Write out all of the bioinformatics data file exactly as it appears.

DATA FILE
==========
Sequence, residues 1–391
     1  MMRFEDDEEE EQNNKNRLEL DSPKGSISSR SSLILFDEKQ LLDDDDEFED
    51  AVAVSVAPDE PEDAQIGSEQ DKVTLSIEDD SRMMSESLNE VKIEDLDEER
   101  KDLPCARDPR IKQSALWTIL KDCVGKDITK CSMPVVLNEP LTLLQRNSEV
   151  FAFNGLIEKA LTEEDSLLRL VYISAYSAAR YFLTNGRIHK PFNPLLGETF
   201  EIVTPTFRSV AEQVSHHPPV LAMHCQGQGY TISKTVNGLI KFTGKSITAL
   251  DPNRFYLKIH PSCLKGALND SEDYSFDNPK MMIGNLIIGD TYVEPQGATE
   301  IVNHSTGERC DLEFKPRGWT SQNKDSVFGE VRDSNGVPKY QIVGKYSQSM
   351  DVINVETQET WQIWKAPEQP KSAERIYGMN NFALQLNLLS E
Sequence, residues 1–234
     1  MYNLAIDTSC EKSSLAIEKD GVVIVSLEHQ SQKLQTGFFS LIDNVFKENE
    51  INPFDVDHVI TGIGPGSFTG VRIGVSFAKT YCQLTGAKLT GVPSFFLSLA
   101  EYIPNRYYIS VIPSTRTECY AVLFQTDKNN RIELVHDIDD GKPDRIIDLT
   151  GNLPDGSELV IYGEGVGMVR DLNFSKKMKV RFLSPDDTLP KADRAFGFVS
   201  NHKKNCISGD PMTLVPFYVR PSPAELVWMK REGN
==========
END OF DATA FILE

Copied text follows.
Sequence, residues 1–391
     1  MMRFEDDEEE EQNNKNRLEL DSPKGSISSR SSLILFDEKQ LLDDDDEFED
    51  AVAVSVAPDE PEDAQIGSEQ DKVTLSIEDD SRMMSESLNE VKIEDLDEER
   101  KDLPCARDPR IKQSALWTIL KDCVGKDITK CSMPVVLNEP LTLLQRNSEV
   151  FAFNGLIEKA LTEEDSLLRL VYISAYSAAR YFLTNGRIHK PFNPLLGETF
   201  EIVTPTFRSV AEQVSHHPPV LAMHCQGQGY TISKTVNGLI KFTGKSITAL
   251  DPNRFYLKIH PSCLKGALND SEDYSFDNPK MMIGNLIIGD TYVEPQGATE
   301  IVNHSTGERC DLEFKPRGWT SQNKDSVFGE VRDSNGVPKY QIVGKYSQSM
   351  DVINVETQET WQIWKAPEQP KSAERIYGMN NFALQLNLLS E
Sequence, residues 1–234
     1  MYNLAIDTSC EKSSLAIEKD GVVIVSLEHQ SQKLQTGFFS LIDNVFKENE
    51  INPFDVDHVI TGIGPGSFTG VRIGVSFAKT YCQLTGAKLT GVPSFFLSLA
   101  EYIPNRYYIS VIPSTRTECY AVLFQTDKNN RIELVHDIDD GKPDRIIDLT
   151  GNLPDGSELV IYGEGVGMVR DLNFSKKMKV RFLSPDDTLP KADRAFGFVS
   201  NHKKNCISGD PMTLVPFYVR PSPAELVWMK REGN